Apple Watch Series 5: What We Want to See in 2019

The Apple Watch Series 4 was one of the most innovative devices of 2018, but we're already looking ahead to the Series 5. The next generation of Apple Watches is expected to debut in September 2019, and while we don't know yet what the Series 5 will look like or what features will be included, we have a wish list. Let's tick them off, one by one.

Apple Watch Series 5: Release date and specs

For the last few years, Apple has announced a new Apple Watch at its September iPhone event, and we expect the same time frame this year. The Series 4 was pricier than its predecessor at $399 for the non-LTE version (versus $349 for the Series 3 with GPS), because of its electrical heart rate sensor and advanced heart health features. Depending on what sensors Apple chooses to add to the Series 5, it could be even more expensive. The cellular model will likely command a $100 premium over the GPS version, as with the third and fourth generations.

Longer battery life

The Apple Watch Series 4 lasts about 18 hours on a charge, though I can usually eke out a full day and a half, especially if I don't work out. But Samsung's Galaxy Watch and Fitbit's Versa can easily last four days, making the Apple Watch feel a little behind the times. I already have to charge my iPhone every night; I don't want to think about another device, too.

The Series 4 offers the same battery life as previous generations but is thinner with a larger, brighter display and a new electrical heart rate sensor. That's impressive. But I wish I had the option to wear it overnight, forget it on a table, or travel for a weekend without packing an extra charger.

Sleep tracking

You can easily find a third-party sleep-tracking app in the watchOS App Store, but I wish Apple would build out its own sleep-tracking feature. The resulting data could be integrated with your activity data for a more complete look at your overall health. Perhaps Apple could add a ring for meeting sleep goals, as is currently the case for standing, moving and exercising.

Fitbit's in-depth sleep analysis makes its fitness trackers and smartwatches a compelling option, especially for insomniacs or people with sleep disorders who want to see how their activity and sleep correlate. Fitbit's newer devices, the Versa and Charge 3, also feature a sensor that could one day be used to diagnose sleep apnea. The Apple Watch has primarily focused on heart health, but the Series 5 could broaden its scope.

MORE: Best Fitness Trackers

If the Series 5 offers lengthier battery life, a native sleep-tracking tool would be a no-brainer.

Group activity challenges

Apple made the watch more social with the addition of activity challenges in watchOS 5. But you can only take on one friend at a time, and you can't choose the duration or the parameters of the competition. With the next version of watchOS, which I expect will be released alongside the Series 5, I hope Apple makes activity challenges more customizable, with the ability to compete against an entire group.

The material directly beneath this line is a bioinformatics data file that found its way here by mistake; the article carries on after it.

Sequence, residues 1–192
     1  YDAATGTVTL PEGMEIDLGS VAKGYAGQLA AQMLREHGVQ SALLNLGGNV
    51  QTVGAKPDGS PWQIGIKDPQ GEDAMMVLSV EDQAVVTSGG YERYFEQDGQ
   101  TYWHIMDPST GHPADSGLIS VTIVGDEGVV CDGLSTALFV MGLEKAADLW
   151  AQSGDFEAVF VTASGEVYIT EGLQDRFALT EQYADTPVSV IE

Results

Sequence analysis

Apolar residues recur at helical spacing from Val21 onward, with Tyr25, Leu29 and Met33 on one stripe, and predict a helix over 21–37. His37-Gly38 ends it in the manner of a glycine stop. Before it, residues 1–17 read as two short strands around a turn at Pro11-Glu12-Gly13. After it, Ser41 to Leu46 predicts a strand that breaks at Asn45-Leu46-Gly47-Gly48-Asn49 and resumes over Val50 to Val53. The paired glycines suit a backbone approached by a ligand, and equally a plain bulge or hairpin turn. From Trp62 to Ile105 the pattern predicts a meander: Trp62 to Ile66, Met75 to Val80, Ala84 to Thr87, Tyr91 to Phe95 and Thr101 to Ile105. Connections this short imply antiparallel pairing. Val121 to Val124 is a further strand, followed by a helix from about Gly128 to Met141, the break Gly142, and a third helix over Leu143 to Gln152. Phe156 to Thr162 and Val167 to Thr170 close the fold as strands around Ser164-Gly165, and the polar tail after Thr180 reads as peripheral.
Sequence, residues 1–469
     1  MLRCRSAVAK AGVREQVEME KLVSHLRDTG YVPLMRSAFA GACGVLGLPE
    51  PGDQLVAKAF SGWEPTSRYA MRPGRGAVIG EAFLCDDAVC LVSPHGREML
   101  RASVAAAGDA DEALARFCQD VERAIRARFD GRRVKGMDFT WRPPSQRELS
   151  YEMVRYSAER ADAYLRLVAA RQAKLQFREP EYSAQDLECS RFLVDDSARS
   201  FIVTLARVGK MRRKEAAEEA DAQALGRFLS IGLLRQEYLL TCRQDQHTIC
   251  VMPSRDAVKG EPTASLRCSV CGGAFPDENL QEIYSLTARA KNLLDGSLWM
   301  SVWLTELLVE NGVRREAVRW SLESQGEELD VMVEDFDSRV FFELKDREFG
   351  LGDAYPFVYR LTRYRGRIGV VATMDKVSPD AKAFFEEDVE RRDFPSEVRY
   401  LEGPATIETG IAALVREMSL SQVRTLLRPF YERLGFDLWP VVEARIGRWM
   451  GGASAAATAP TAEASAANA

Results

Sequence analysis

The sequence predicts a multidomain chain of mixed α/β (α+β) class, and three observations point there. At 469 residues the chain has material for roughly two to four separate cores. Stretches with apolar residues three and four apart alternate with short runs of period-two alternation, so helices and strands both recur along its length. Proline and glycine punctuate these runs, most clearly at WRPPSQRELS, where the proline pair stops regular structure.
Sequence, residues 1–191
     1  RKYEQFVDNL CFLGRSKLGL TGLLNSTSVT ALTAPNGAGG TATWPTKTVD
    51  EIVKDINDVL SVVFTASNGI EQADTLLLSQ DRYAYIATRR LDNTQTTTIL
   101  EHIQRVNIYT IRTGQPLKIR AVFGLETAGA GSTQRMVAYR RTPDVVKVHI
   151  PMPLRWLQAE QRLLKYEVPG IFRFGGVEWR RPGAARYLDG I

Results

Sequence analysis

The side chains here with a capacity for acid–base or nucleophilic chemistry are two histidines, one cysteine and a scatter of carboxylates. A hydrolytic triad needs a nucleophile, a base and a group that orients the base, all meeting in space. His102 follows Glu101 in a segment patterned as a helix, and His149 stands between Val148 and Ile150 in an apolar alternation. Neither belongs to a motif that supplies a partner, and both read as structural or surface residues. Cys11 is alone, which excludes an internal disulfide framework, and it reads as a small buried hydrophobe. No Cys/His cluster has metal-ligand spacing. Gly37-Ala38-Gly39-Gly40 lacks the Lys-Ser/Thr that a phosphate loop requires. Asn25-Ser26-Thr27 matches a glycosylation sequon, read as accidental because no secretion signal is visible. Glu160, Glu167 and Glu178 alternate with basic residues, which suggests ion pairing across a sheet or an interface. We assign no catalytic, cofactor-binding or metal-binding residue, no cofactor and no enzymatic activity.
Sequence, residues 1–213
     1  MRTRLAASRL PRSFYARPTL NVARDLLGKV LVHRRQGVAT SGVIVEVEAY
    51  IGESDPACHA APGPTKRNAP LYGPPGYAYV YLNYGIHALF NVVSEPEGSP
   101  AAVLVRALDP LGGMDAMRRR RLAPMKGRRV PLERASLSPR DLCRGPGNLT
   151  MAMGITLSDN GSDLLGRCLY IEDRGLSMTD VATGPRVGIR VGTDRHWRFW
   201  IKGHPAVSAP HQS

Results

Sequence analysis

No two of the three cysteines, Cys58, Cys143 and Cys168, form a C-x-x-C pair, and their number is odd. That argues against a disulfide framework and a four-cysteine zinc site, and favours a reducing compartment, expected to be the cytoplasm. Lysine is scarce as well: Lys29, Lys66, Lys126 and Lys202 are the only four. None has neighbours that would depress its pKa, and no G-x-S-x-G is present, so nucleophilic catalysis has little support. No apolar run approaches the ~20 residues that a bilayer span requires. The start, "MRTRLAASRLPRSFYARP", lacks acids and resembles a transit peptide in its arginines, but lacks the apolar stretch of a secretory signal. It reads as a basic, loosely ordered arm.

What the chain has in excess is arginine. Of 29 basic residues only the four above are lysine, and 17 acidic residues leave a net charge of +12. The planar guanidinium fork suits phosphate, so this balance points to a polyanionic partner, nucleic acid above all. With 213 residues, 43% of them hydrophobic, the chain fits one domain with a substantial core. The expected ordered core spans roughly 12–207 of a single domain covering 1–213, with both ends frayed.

This could also help Apple win over business customers who want their employees to be more active — a digital version of a workplace wellness competition (minus the embarrassing public weigh-ins).

Even more advanced health sensors

The addition of an electrical heart-rate sensor pushed the Apple Watch Series 4 beyond rival smartwatches, which aren't even trying to compete at its level anymore. Additional sensors, such as the SpO2 sensor found in new Fitbits that can be used to detect sleep apnea, would offer even more insight into your health.

Some have speculated that Apple is working on a way to take non-invasive blood glucose readings, perhaps via sweat analysis, but experts I've spoken with think that technology is still a long way off. It's unlikely we’ll see such sophisticated diagnostic tools in the Series 5.

Smart bands

Another way for Apple to add more capabilities to the Series 5 is in the watch's accessories. Apple has over the past few years patented watch-band sensors that can detect UV ray intensity, monitor blood pressure and extend battery life.

A third-party watch strap, AliveCor's FDA-cleared KardiaBand, offers a built-in electrocardiogram sensor for diagnosing atrial fibrillation. The Apple Watch Series 4 has its own ECG sensor, but the company could explore adding on other sensors that are more specialized.

A fresh look

The Apple Watch's signature squared-off circle design (“squircle," if you will) is now practically iconic, but it's also still a little strange. Watches should be round, right? It's unclear if Apple will deviate from its now classic Apple Watch aesthetic, but a change would draw more buyers who aren't hip to the square.

Android compatibility

Android smartwatches fail to impress, especially compared with the Apple Watch. If Apple made the Series 5 compatible with Android smartphones, the watch would almost definitely become even more widespread.


I'm not expecting Apple to radically overhaul the watch's looks (or play nice with Android), but it seems likely that the Series 5 will feature even more tools for monitoring your health and boost your activity. Stay tuned for rumors on the next-gen Apple Watch as they emerge in 2019.

Credit: Tom's Guide

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